Children’s doctors send condolences to Dr. Liza’s family After Tu-154 Plane Crash

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Children’s doctors send condolences to Dr. Liza's family After Tu-154 Plane Crash

Elizaveta Glinka © Mikhail Sokolov/TASS

Originally appeared at TASS

Dr. Liza, who is Executive Director of the Fair Aid charity fund, was on the list of passengers of the Tu-154 that crashed in the Black Sea on Sunday

Doctors of the Moscow Institute of Emergency Children’s Surgery & Traumatology led by famous children’s doctor Leonid Roshal have expressed condolences to the relatives and friends of Elizaveta Glinka, known as Dr. Liza, who saved many lives of children during the armed conflicts.

“Dr. Liza cooperated with us very closely. She brought to us the children from Donbass. We cannot believe this has happened. Elizaveta Glinka was a kind and responsive person and was slight of figure. Her life is an exploit. A dignified person, and a person who saved children has died. All children really loved her,” the institute’s press service said.

Dr. Liza, who is Executive Director of the Fair Aid charity fund, was on the list of passengers of the Tu-154 that crashed in the Black Sea near Sochi on Sunday. The charity fund later confirmed that Glinka flew to Syria onboard the Defense Ministry’s plane.

“She accompanied a humanitarian cargo for the university hospital Tishrin in Latakia,” the fund’s re[resentative said.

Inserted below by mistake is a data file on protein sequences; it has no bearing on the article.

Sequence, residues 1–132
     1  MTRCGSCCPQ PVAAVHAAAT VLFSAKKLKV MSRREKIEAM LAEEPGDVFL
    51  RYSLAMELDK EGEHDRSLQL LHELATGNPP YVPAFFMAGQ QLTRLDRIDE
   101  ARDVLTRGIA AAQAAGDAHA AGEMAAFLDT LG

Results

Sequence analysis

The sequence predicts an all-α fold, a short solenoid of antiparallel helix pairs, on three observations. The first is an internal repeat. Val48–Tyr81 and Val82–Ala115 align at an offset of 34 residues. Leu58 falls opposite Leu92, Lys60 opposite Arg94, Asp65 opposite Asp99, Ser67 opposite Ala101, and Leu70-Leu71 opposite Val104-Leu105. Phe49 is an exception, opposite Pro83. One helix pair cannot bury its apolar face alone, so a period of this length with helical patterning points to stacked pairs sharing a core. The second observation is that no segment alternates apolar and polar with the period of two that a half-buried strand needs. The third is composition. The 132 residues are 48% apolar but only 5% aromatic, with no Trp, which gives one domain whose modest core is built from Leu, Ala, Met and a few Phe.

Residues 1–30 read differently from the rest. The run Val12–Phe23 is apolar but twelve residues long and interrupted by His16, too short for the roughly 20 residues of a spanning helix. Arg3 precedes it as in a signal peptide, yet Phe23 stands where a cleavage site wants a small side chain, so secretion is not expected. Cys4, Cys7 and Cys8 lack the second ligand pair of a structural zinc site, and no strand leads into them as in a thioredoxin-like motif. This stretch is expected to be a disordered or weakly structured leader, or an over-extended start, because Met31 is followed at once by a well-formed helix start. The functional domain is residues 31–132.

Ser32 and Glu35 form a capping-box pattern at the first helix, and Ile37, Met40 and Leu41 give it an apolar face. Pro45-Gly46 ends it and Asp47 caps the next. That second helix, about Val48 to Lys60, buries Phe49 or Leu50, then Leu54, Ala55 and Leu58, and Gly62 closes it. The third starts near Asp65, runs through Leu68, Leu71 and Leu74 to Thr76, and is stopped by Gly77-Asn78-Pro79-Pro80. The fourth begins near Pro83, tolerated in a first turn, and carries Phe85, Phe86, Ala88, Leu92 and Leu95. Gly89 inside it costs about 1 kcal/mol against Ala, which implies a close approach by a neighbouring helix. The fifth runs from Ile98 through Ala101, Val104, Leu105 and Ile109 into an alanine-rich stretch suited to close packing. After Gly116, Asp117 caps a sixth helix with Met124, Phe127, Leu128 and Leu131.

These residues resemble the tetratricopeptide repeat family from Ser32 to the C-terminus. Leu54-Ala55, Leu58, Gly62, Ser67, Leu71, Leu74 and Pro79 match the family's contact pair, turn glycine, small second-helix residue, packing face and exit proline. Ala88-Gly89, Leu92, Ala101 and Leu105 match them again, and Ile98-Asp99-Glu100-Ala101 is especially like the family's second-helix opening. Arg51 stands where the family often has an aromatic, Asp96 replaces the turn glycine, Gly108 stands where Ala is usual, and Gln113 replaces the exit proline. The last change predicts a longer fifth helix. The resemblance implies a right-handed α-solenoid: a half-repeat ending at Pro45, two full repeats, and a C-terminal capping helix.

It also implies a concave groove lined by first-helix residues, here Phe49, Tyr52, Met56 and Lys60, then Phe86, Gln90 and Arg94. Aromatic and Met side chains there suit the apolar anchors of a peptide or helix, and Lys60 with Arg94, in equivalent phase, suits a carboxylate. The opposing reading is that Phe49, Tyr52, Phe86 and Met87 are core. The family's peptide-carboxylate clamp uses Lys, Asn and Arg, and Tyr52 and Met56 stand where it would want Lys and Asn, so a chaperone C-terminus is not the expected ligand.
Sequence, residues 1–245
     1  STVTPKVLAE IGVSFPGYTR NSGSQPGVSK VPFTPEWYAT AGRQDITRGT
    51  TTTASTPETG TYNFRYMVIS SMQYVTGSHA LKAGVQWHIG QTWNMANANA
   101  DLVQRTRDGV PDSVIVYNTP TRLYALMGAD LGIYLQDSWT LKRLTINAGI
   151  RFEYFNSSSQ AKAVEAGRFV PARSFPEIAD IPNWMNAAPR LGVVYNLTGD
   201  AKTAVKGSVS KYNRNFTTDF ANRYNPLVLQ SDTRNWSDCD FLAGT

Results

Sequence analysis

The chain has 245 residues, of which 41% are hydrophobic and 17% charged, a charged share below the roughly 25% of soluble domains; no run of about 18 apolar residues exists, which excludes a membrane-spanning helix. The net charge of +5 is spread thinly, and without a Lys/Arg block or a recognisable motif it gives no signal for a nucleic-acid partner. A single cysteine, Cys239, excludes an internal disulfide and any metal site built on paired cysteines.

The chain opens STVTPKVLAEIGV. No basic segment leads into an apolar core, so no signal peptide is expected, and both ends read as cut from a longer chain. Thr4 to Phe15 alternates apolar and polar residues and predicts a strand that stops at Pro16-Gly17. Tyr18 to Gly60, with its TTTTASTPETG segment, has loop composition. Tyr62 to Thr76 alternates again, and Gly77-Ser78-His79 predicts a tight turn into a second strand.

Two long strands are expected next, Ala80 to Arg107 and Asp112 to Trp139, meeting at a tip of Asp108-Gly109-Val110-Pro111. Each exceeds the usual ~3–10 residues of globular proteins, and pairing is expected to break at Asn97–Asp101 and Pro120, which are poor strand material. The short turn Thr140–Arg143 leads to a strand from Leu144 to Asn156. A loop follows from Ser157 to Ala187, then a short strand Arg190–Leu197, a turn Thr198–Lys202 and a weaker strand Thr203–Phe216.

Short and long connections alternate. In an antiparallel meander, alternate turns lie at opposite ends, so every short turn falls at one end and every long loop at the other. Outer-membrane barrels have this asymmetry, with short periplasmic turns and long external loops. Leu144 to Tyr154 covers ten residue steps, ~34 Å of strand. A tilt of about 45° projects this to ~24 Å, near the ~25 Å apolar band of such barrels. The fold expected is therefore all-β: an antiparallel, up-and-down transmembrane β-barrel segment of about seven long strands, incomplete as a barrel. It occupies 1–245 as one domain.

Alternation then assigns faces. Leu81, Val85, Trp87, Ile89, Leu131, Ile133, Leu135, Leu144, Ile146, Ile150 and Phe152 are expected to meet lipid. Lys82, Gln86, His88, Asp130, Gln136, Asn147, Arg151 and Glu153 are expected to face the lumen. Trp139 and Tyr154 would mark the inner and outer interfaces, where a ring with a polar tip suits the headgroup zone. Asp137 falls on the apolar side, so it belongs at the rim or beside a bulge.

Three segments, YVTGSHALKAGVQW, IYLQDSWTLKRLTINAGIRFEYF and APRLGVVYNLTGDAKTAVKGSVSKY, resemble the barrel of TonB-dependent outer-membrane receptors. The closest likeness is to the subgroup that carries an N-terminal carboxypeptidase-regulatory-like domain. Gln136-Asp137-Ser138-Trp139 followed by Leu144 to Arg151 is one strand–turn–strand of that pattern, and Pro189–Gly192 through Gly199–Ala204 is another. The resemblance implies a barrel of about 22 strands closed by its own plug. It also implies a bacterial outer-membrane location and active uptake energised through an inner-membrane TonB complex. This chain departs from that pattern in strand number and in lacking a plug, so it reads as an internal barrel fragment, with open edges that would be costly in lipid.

A Tu-154 plane from Russia’s Ministry of Defense vanished from radar screens at 05.40 a.m. Moscow time (02.40 a.m. GMT) shortly after taking off from the Black Sea resort of Sochi.

According to the latest information from Russia’s Defense Ministry, there were 92 people on board the aircraft, consisting of 8 crew members and 84 passengers. The Defense Ministry said that debris from the Tu-154 had been found 1.5 km off the coast of Sochi at the depth of 50-70 meters.

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  • Nalliah Thayabharan

    The Tu-154 operated by the Russian Defense Ministry en route to Syria must be attempting to take off without its flaps and slats extended to proper take-off configuration. The Tu-154’s instability and sudden roll was consistent with known performance of the Tu-154 with the flaps and slats retracted.

    The captain may be continued to pull back on the control column in an attempt to keep the Tu-154’s nose raised, which might have created turbulence over the rear-mounted engines and caused the compressor surges. However, the compressor surges would not have significantly reduced the engines’ thrust, and that the Tu-154’s failure to gain speed was due to aerodynamic drag on the aircraft due to the high angle of attack, rather than a loss of engine thrust.
    – Nalliah Thayabharan